After an explosive rise in popularity, the future of crypto lending is now in doubt. In recent days, crypto lending programs offered or planned to be offered by companies such as Coinbase, BlockFi, and Celsius Network have become the targets of state and federal securities regulators which claim that their lending programs constitute securities offerings. In this post, we will answer the question posed by Coinbase’s CEO, Brian Armstrong, who after receiving a Wells Notice from the SEC claiming that Coinbase’s planned Lend program was a securities offering, tweeted, “[H]ow can lending be a security?” In doing so, we will quickly analyze Howey and Reves, two seminal Supreme Court Cases that the SEC cited to Coinbase in response to this same question.
Background on Crypto Lending Programs
Generally, crypto lending programs act much like high yield savings accounts at a bank; a user deposits their crypto with the platform, the platform then uses the deposited crypto to either lend to other customers or for their own proprietary trading desks. In exchange for the deposit, the user receives periodic interest payments. Many crypto lending platforms promise returns ranging from 4 to 14.5 percent for various coins such as bitcoin and stablecoins including USDC and USDT. Considering that the best high yield interest savings account on the market currently offers a whopping 0.50% APY, it is easy to see why these programs are incredibly attractive.
How Howey and Reves Apply to Coinbase’s Lend Program
As the SEC explained to Coinbase, it looked to Howey and Reves to support its position that Coinbase’s planned Lend product was a security. The Howey test determines whether an instrument is an “investment contract,” and the Reves test determines whether an instrument is a “note,” both of which are securities.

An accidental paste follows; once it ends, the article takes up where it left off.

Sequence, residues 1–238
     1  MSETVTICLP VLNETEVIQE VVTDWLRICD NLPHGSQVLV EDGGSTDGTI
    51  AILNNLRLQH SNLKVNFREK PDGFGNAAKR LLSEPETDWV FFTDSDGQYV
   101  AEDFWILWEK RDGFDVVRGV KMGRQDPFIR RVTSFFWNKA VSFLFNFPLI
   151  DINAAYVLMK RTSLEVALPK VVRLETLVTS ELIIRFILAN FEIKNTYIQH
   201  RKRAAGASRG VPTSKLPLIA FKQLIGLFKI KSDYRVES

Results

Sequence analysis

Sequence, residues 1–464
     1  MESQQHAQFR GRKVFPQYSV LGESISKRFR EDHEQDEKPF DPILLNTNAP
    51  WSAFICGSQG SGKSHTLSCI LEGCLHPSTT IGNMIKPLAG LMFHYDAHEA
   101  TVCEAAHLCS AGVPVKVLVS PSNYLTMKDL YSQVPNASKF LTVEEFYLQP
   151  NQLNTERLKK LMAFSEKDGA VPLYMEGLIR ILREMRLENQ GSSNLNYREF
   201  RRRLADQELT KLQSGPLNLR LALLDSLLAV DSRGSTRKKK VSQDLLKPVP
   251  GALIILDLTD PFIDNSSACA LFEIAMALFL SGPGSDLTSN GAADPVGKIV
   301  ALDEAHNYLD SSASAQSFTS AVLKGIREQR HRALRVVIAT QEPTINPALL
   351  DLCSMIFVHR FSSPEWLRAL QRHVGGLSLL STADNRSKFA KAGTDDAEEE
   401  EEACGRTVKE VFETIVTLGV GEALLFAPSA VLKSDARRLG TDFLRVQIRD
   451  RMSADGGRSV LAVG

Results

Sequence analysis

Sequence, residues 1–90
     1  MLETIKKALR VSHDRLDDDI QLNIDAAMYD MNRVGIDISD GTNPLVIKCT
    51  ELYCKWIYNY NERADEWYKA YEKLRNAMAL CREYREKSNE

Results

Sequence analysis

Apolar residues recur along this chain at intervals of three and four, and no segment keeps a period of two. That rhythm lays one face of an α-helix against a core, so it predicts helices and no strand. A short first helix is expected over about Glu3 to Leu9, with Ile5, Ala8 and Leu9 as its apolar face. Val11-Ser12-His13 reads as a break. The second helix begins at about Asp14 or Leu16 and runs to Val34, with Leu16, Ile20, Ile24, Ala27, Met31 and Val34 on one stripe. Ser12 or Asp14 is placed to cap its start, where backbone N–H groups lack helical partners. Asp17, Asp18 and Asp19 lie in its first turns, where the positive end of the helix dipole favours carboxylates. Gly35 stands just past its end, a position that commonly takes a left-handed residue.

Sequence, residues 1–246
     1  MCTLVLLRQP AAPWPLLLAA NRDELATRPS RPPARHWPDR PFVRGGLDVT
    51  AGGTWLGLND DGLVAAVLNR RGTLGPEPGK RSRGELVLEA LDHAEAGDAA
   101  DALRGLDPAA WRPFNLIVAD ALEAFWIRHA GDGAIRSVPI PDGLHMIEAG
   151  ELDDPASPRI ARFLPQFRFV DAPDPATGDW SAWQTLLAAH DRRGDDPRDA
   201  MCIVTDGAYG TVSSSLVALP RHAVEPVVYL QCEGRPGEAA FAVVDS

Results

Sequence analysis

The Howey test consists of four prongs, all which securities regulators would likely argue are met by crypto lending programs. Below is an analysis of how the SEC likely applied Howey to Coinbase’s Lend program.
1. Investment of Money
Lend involved an investment of money because Coinbase customers would have invested money in the form of USDC.
2. Common Enterprise
To fulfill the common enterprise prong, some courts apply a horizontal commonality test: determining whether investor funds are pooled together such that the value of all or most investments rise and fall together.
In contrast, other courts apply a vertical commonality test: analyzing whether the investor’s returns are correlated to the returns or efforts of those offering the investment such as the product’s promoter, even if no other investors exist, such that their collective fortunes rise and fall together.
Coinbase’s Lend program meets both commonalities. Under the horizontal commonality test, Coinbase proposed to pool its customers’ USDC that it would use to fund loans to other customers, and the profits of those loans would be used to pay the interest to customers. Likewise, under the vertical commonality test, the profits of a Lend customer would have depended on the efforts of Coinbase in lending out the USDC to generate enough profit to pay the interest.
3. Expectation of Profits
Lend involved an expectation of profit because Coinbase incentivized customers to participate in the program by promising 4% APY.
4. Profits Solely from the Efforts of the Promoter or a Third Party
Profits from Lend arose solely from the efforts of others because customers were entirely dependent on Coinbase’s ability to generate a return from customers’ deposits and pay them the promised 4% APY.
By citing to Reves, the SEC was likely indicating that Lend could also be a “note.” The Securities Act of 1933 defines “security” to include, among other things, a “note,” but not all notes are securities. The Supreme Court in Reves identified certain characteristics that make it more or less likely that a “note” qualifies as a security.